Used car prices fall from record high, dampening impact of inflation

A sign advertises cash payment for used cars in the Alhambra, California on January 12, 2022.

Frederick J. Brown | AFP | Getty Images

DETROIT. Wholesale prices for used cars have dropped markedly from the record high set in January, signaling that the worst of the sky-high prices associated with higher US inflation may be behind us.

Cox Automotive said on Friday that its Manheim Used Car Value Index, which tracks the prices of used cars sold at its wholesale auctions in the US, was down 1% in April compared to March, marking a third straight month of decline from the first month of the year.

“We are clearly back to cars that are depreciating again. This is good news for both inflation and consumers looking to buy a car,” Jonathan Smok, chief economist at Cox Automotive, told CNBC.

Wholesale car prices fell 6.4% from their January record. However, prices are still extremely high and the index remains 14% higher than a year ago.

The drop in prices comes as Mannheim estimates retail sales are down 13% in April from March, signaling weaker demand amid record high prices.

Automakers have been battling a shortage of semiconductor chips for over a year, which has halted production of new vehicles from time to time, leading to record low vehicle inventories and rising prices. Circumstances have pushed many buyers into the used car market.

Smoke expects used car prices to remain high but return to a “pretty normal pattern” with the potential for a slight price hike later in the year.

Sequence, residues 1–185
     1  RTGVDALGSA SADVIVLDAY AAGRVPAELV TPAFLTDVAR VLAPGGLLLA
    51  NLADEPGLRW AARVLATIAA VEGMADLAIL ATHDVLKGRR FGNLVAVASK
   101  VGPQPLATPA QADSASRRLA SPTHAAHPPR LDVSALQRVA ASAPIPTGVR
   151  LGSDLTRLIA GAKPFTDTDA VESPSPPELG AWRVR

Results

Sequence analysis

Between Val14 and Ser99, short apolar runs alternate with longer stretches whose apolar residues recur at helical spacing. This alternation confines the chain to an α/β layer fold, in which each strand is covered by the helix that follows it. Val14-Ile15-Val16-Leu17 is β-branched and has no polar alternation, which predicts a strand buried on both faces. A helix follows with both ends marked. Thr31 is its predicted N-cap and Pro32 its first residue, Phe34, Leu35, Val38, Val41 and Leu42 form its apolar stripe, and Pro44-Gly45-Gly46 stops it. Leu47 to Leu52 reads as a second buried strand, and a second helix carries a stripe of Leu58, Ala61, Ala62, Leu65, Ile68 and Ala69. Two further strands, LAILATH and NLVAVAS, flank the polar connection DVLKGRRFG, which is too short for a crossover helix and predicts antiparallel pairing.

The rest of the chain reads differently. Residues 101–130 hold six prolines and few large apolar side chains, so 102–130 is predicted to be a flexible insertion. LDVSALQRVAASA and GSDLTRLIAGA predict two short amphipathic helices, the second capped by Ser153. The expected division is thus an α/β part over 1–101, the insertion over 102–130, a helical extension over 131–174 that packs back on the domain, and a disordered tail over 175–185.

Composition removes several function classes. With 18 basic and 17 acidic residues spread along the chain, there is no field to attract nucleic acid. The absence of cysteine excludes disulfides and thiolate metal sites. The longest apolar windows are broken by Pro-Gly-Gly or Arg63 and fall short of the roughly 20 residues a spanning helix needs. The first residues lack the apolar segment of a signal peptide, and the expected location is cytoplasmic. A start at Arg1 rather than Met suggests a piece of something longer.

“It’s potentially getting a little deflationary in that regard,” Smoke said, adding that this doesn’t necessarily mean a massive price correction. “This is not a commodity market where people speculate, and used cars are assets that really benefit people.”

“Over the past two years, we have had an unusual circumstance that has stimulated demand and we have limited supply,” he said.

The decline is good news for the Biden administration, which blames much of the country’s rising inflation on the used car market. Over the past 20 years, the contribution of used cars to inflation has averaged zero. According to the US Bureau of Labor Statistics, in January it was more than 1% year on year.

Persistent inflation has caused prices to rise to historical levels over the past year. The trend was politically damaging to the Biden administration and raised fears of “stagflation,” an undesirable combination of rising prices and stagnating economic growth.

– CNBC Kevin Breuninger contributed to this report.

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